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Curry Chicken

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It has most certainly been a while since I have posted to this blog.  Given the fact that I lost two people very dear to me in 2020, my mother to COVID in April, and my son was shot the day before my birthday in December, I haven’t truly been in a sharing kind of mood.  Back in December, I started a position in the only school district where I never worked as a substitute teacher in my county.  I immediately fell in love with these kids.  Of course one of them stalked me online to the point that he discovered this blog, and questioned me as to why I hadn’t posted in a while.  He told me that his cooking teacher promised to have their class prepare the next dish I posted to the blog, so I decided to make a dish I grew up enjoying, curry chicken.

My mother was from Panamá, and those familiar with the country are aware of the unique mixture of cultures that make up the country.  The cultures include the native aboriginal people of the land, Spanish culture (it is part of Latin America), and West Indian culture.  Many West Indians came to Panamá to help build the canal and settled there.  My mother was a blend of these cultures and was primarily raised by her Jamaican grandmother who never learned to speak Spanish.

My first attempts to recreate the dish fell flat, as all I did was season the chicken with curry powder and put it in a pot, along with water.  Over the years, I began trying various recipes and finally settled on this one.  While many versions of this dish are very spicy, do not be alarmed, I do not incorporate any hot peppers in this dish.  If I were to make it for a group of whom enjoy spiciness, I would include some of my mother’s traditional hot sauce, which I believe is Jamaican in origin.

I still use curry powder in the dish, but I need to advise that I no longer purchase curry powder, preferring to blend it on my own, using this recipe found in allrecipes.com:  https://www.allrecipes.com/recipe/197274/jamaican-curry-powder/

The dish can easily be converted to vegan by substituting chicken for chickpeas.  It is not unusual for me to add a can of chickpeas to the dish anyway, along with the potatoes and the chicken.  As one of my new co-workers is fond of saying, “You do you!”

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Curry Chicken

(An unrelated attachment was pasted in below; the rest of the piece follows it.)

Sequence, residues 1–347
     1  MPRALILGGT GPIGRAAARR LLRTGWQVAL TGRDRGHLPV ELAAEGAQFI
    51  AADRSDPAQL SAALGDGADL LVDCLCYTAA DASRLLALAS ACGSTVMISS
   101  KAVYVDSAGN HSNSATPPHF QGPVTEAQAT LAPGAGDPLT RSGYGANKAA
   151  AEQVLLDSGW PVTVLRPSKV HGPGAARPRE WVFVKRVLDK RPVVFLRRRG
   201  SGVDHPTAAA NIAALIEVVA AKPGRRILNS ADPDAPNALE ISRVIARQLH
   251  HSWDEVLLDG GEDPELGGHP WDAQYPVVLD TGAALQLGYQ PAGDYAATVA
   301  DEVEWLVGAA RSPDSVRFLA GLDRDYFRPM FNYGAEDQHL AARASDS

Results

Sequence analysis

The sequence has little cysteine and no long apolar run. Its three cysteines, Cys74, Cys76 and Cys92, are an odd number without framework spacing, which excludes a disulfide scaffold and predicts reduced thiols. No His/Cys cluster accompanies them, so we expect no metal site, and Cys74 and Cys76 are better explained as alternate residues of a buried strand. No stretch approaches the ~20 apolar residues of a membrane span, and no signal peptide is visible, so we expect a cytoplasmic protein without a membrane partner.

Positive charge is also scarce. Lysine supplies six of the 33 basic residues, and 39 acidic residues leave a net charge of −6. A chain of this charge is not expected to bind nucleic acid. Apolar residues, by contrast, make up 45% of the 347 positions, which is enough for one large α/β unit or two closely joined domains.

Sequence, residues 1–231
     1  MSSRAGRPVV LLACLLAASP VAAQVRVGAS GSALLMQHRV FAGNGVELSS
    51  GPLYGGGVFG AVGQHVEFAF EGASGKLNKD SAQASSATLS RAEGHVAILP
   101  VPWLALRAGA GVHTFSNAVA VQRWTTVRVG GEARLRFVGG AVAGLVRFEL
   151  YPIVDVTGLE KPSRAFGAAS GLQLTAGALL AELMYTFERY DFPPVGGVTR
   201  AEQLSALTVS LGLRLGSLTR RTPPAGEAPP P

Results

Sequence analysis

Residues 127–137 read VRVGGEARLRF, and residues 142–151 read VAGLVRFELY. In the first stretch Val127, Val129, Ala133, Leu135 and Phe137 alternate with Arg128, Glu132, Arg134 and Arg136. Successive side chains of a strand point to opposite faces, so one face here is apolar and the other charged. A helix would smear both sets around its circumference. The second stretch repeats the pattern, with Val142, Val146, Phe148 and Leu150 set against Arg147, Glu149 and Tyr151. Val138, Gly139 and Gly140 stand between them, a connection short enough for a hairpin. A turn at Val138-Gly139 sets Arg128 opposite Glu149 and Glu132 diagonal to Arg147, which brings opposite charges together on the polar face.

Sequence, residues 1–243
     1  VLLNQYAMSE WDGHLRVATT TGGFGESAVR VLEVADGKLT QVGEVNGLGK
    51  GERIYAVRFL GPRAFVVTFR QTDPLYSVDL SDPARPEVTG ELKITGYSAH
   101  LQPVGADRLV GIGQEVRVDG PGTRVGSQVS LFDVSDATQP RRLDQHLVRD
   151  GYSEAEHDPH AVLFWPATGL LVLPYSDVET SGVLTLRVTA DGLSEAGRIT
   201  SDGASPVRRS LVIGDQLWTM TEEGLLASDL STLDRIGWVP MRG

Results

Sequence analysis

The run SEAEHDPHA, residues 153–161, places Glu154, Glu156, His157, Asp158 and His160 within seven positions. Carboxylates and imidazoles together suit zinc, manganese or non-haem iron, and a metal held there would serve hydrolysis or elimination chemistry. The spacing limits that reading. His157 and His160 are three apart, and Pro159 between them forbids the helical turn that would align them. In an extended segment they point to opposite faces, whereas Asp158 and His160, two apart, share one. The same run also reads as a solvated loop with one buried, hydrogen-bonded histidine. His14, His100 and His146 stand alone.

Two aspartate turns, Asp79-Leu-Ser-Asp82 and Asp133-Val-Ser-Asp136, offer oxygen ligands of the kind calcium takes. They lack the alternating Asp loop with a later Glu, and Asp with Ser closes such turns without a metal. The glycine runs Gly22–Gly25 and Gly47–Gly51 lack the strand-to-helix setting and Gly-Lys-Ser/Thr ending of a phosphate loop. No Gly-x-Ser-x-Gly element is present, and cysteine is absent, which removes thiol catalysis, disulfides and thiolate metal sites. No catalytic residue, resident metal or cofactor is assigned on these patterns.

Cuisine Caribbean
Keyword chicken, coconut milk, curry, potatoes
Prep Time 10 minutes
Cook Time 25 minutes
10 minutes
Servings 4 servings

Ingredients

  • 3/4 – 1 lb boneless skinless chicken thighs Dice into bite-size pieces
  • 1 tsp salt
  • 1/2 tsp black pepper
  • 2 tbsps curry powder (divided)
  • 1 – 2 tbsps coconut oil
  • 1 medium onion Sliced into half moons
  • 1 bell pepper any color Diced
  • 2 tsp minced garlic
  • 1 cup low-sodium chicken broth Mine is homemade with no salt added
  • 6 oz diced tomatoes (preferable) or tomato sauce
  • 6 oz coconut milk
  • 1 large bay leaf or 2 small ones

Instructions

  • Season the diced chicken with the salt, black pepper and one tbsp of curry powder. Allow to sit at room temperature while you prepare the rest of the vegetables.
  • Melt a tablespoon of coconut oil in the pan, then add the chicken, allowing it to brown. I am not looking for it to cook through at this time, just get it browned. Then remove the chicken from the pan.
  • Add additional coconut oil if needed and add the sliced onions and peppers. When these have softened, add the minced garlic until you can smell the garlic (about a minute). Once you smell the garlic, add the chicken broth to deglaze the pan, scraping up the leftover stuff stuck to the bottom of the pan.
  • Allow the broth to reduce by a third, then add the tomato and coconut milk. Add the second tablespoon of curry powder. Stir until all liquids and curry powder are blended, then add the potatoes and bay leaves.
  • Return the chicken to the pot and cover on low until the potatoes are soft.
  • Enjoy spooned over cooked plain rice or quinoa.
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